[I6] Circular dependencies for LanguageToInformese() and global wn (affecting DM4 Ex 111)?

The provided example solution code for DM4 Ex 111 (pages 502-503, or https://inform-fiction.org/manual/html/sa6.html#ans110 and https://inform-fiction.org/manual/html/sa6.html#ans111 ; solutions are cumulative) seems to have a circular dependency, in that:

  1. Parser section A uses #Ifdef to invoke LanguageToInformese() only if it is defined.
  2. The example solution to DM4 Ex 111 makes use of global variable wn, which is defined in parser.h.

The combination seems to make it impossible to compile in a way that lets it actually function, i.e. it can be successfully compiled with a LanguageToInformese() that uses wn and is placed after the inclusion of parser.h, but in that case it will not be invoked.

Is there some way out of this deadlock?

IIRC, you can declare:

Replace LanguageToInformese;
Stub LanguageToInformese 0;

before you include parser.h, and then provide the real definition afterwards. (I suspect you’ll also need to include english.h first before actually implementing it.)

Having said that, it looks like ex 111 also leaves wn set to a value other than 1, which I don’t think Parser A is expecting either. Quite likely, this whole thing is a “don’t do that”.

It should be sufficient to set wn back to 1 at the end of the function.

@mirality, thank you! Stub is not explained until the next section of the DM4, but it will indeed do the trick.

Also, FYI – I took a peek at that section of parser.h (Std Lib 6/11 version from Inform 6.31), and, following the call to LanguageToInformese(), verb_wordnum is set to 1 (shortly before .AlmostReparse), then wn is set to be equal to verb_wordnum (just after .BeginCommand), so perhaps LanguageToInformese() is one of the entry points where you don’t have to care about where you leave wn?

There’s something a little different going on in the StdLib 6.12.4 version, though… if BeforeParsing() returns false, then LibraryExtensions.ext_number_1 will be set to the value of wn as it was left by LanguageToInformese(). The comment for this reads “! Set 'between calls' functionality to restore wn each pass”, so perhaps leaving wn in a different state could be a problem in the current version. (It’s hard to tell. The parser routine is still mostly unexplored territory for me, so I’m not following the logic of what it’s doing.)

BeforeParsing is another stub that you could probably override instead of LanguageToInformese – the main difference is that it doesn’t do the automatic re-parse (but you can do that yourself if needed), and the return value controls whether it runs the “before parsing extensions” or not.

BeforeParsing itself is covered in DM4, but the extensions seem to be a new thing. From context it looks like a way to add multiple “hooks” so that multiple included extension files can co-exist without stomping on each other, in a manner somewhat like I7 extensions. Usage is described here.

@mirality, I spoke too soon, unfortunately; I’m not sure that it does work to use the Stub directive. Placing the stub prior to the inclusion of parser.h does (presumably) make the parser invoke the LanguageToInformese() routine, but I haven’t found any way to replace the stub-generated routine later – once it’s defined, it’s defined. (I keep forgetting that Inform 6.31 does not let one redefine functions. The ability to redefine routines that was introduced in 6.34 would help a lot here, but it makes me wonder how the example solution could have been made to work in the 6.21 era when DM4 was released.)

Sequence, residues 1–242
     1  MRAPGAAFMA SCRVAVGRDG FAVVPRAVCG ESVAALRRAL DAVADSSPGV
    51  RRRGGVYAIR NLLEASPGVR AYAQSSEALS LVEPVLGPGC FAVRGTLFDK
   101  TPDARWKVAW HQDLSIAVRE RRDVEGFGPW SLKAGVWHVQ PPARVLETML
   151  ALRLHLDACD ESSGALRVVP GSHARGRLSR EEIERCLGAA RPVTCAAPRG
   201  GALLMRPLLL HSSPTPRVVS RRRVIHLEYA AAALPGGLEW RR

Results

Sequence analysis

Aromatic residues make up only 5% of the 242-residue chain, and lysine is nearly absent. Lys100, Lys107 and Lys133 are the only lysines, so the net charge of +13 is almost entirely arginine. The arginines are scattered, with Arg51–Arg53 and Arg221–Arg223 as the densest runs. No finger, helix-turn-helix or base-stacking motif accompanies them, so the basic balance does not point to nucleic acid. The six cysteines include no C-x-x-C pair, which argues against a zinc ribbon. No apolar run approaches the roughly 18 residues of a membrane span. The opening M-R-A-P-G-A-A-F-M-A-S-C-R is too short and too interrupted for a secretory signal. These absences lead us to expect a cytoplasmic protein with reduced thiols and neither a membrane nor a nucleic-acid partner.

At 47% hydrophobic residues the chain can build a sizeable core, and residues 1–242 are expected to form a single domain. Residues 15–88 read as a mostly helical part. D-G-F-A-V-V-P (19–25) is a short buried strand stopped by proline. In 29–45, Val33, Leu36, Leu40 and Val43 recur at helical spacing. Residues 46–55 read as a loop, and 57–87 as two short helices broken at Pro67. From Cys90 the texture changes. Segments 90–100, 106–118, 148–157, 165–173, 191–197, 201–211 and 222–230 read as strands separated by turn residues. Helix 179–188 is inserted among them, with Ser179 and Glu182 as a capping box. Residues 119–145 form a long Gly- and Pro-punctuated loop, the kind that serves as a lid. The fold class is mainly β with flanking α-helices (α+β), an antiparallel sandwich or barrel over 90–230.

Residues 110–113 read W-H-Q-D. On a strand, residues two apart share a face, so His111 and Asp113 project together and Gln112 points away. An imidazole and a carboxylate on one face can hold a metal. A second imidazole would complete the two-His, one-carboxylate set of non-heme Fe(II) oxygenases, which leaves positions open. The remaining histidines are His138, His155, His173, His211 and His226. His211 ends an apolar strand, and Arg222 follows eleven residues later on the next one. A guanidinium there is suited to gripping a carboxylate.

For 6.31, it looks like the best (and only?) bet is to create a modified english.h file and compile with the +language_name="<modified file name>" switch. (Details are not in DM4, only in the header at the top of english.h and – indirectly – in the comments for the Include "language__"; statement in parserm.h.)

Did you try simply omitting the Stub definition? I’m not sure if that’s actually needed, using Replace alone might be sufficient. (I don’t have a compiler handy to verify this myself.)

If that doesn’t work, you could place the Stub (and only that) in another custom file that is also marked with System_file; and included before parser.h.

Otherwise, as previously noted, the following should behave exactly equivalent to implementing LanguageToInformese, so it could be used as an alternative:

Replace BeginParsing;

! all the includes go here

[ BeginParsing;
    ! whatever parsing code you like goes here

    ! Re-tokenise:
    #Endif; ! V5

    wn = 1;

The only use of wn in that example is as an “argument” to the NextWord() function. You could avoid the whole problem by rewriting NextWord() in place, or adding a helper function elsewhere in the code:

[ NextWordArg val   oldwn res;
  oldwn = wn;
  wn = val;
  res = NextWord();
  wn = oldwn;
  return res;

This is entirely clunky and should have been fixed when the example was written. (Or maybe the compiler changed out from under the example?) But it gets the job done. A lot of IF coding winds up at “got the job done”.

First: The provided example solution in DM4 is partial, and the provided block must be inserted before the for loop from the Ex 110 solution, or the call to LTI_Insert() in the Ex 110 loop will invalidate the word location information returned by WordAddress() in the Ex 111 block. Local variables added by the new block (word and at) must be added to the routine declaration.

Second: The use of local variable at in the commands intended to replace characters in the player input is incorrect. WordAddress() returns a memory location; this value is far too large to be used as an index against the buffer array, so the code as provided in the example solution causes RTEs. This can be fixed by changing the assignment of at to: